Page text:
Q: Why did you create Wizards’ World?
A: Before Wizards’ World, my gaming group mostly played AD&D. At that time, AD&D’s roots in strategy gaming showed a little too clearly for our taste – basically, we wanted a system that let characters be more unique. We wanted fighters who could be great with rapiers but lousy with axes, thieves who could pick locks but not pockets, and wizards whose spell repertoire could not be predicted simply by knowing their class level.
Over the years, we accumulated a growing volume of house rules to help us achieve our gaming goals, until I eventually came to the conclusion that our game was more house rules than core rules. At that point, it seemed at least worth considering publishing our own system. And, of course, it would be really cool to do that…
Q: How did Wizards’ World come to be?
A: We eventually found a friend of a friend of a friend who was willing to provide the publishing know-how to get out a book. He showed pity on poor college students and helped us a lot figuring out how to proceed, and undoubtedly also cut us a really good deal on printing prices.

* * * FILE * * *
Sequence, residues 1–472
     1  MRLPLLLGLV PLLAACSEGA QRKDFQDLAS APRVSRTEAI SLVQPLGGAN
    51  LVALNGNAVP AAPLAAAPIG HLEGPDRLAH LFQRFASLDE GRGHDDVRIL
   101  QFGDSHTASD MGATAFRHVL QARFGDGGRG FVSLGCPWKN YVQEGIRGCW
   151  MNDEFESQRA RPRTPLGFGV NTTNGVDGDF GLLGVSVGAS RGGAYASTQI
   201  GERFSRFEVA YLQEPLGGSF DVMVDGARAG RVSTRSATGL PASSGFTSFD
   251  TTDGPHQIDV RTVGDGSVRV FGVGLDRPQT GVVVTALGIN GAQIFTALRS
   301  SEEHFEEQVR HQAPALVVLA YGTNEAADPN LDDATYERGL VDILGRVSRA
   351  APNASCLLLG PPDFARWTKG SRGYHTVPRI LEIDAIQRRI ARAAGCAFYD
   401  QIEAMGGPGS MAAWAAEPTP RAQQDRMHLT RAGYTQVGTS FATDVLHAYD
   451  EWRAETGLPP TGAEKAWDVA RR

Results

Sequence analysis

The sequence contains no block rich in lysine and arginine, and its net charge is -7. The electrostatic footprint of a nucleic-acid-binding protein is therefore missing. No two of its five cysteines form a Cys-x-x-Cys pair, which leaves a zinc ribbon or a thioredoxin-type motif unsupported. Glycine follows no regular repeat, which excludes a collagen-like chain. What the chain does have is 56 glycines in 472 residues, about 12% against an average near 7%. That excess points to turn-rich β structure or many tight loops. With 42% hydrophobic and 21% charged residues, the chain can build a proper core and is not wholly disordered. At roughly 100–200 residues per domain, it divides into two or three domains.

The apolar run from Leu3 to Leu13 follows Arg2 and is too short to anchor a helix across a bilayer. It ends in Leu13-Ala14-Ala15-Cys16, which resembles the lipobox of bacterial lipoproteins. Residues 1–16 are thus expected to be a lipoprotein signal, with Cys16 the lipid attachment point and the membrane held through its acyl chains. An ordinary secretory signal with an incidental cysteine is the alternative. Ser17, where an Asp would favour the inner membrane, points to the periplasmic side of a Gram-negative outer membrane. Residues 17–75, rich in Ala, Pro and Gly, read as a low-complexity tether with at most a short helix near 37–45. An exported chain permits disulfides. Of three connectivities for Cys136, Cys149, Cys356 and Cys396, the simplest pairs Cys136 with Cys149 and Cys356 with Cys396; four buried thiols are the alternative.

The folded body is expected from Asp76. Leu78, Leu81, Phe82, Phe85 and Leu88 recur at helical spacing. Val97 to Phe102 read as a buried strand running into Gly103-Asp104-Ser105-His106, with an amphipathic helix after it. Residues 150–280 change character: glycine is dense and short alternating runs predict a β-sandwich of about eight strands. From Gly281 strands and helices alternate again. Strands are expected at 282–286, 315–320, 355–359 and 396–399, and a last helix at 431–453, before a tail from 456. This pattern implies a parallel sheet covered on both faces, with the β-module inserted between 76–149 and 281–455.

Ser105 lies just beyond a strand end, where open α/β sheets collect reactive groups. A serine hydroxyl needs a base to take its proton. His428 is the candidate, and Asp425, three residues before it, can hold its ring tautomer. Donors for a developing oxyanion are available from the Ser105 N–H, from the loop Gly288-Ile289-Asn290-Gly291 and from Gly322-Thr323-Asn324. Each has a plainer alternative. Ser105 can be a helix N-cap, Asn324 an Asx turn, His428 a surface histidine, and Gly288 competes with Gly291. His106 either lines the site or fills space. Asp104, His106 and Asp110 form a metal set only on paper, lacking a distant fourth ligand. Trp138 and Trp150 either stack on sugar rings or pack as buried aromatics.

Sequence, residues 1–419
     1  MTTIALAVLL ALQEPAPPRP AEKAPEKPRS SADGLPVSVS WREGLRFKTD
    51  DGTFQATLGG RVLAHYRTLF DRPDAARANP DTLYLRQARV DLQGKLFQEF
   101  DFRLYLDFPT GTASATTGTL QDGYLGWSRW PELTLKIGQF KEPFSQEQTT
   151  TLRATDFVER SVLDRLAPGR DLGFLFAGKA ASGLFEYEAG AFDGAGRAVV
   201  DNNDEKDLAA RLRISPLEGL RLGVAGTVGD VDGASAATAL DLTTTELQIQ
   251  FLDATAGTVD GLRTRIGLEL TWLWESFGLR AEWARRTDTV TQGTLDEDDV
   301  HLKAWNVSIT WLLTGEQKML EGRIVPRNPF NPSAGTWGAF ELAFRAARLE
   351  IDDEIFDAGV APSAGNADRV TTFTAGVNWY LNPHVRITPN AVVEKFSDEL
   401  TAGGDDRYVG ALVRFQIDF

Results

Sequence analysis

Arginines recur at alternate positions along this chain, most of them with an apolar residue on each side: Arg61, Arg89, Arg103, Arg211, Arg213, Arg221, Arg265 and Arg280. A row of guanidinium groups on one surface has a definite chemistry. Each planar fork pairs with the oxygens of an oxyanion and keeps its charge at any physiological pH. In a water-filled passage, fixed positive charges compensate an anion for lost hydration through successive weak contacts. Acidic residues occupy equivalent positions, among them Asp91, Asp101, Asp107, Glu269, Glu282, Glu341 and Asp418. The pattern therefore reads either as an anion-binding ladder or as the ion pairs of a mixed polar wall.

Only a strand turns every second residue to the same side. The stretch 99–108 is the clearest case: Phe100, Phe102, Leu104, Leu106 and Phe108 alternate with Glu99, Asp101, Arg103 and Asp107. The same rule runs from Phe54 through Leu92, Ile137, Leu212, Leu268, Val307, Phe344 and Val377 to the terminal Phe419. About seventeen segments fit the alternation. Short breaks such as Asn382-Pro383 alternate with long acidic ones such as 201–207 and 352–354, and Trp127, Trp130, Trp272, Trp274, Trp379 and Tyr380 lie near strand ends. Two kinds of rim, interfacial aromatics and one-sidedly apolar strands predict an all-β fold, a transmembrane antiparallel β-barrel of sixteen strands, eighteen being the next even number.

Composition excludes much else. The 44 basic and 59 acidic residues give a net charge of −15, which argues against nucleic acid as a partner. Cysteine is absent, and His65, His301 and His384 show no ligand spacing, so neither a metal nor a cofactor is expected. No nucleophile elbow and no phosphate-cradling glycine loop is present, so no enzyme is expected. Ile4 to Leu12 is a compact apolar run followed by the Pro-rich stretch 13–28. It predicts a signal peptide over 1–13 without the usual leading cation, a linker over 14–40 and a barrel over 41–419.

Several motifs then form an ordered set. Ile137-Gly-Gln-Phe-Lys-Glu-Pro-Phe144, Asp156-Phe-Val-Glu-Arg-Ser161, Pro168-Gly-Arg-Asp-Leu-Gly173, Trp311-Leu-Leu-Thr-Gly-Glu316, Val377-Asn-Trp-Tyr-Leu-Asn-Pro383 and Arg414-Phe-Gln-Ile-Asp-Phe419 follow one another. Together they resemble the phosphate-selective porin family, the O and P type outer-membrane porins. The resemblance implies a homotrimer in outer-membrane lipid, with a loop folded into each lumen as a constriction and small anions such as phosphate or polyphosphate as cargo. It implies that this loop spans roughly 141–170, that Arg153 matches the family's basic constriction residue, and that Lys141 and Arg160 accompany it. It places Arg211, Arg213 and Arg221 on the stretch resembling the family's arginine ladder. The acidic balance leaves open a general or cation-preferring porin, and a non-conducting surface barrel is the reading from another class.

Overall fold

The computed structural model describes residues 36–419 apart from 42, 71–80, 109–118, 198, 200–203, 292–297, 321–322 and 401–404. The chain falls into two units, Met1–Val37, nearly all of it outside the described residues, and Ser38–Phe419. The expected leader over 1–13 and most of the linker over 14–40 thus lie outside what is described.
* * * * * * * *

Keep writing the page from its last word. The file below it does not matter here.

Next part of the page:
I did most of the writing in 1982, which is eons ago by publishing standards. In particular, I didn’t have a computer, I didn’t have word processing software (much less publishing software), and I was 100% dependent on typesetters and fancy publisher machinery to make Wizards’ World happen. The actual production process was about like this: Any chance I got over a period of 6 months or so, I went to a friend’s house and typed like a maniac while discussing both how to design various game elements (given that there was no longer a need/reason to anchor our design in a pre-existing system) and how to explain everything so gamers would understand what we were trying to do.
The biggest glitch in the process was that it turned out we were not allowed to edit the document after typesetting. In other words, my stream-of-consciousness typing is pretty much exactly what you see in the Wizards’ World book. Considering that, I’m shocked at how well written Wizards’ World is, but I did have some regrets about things I never got a chance to fix in the official copies. We got out an errata sheet to fix most of the meaningful errors (i.e., ones that influenced gameplay as opposed to formatting inconsistencies and typos), but that was as far as we were able to go. An updated second edition with errors fixed, a few new game elements added, and a million or so spells and monsters would have been great, but unfortunately never came to pass.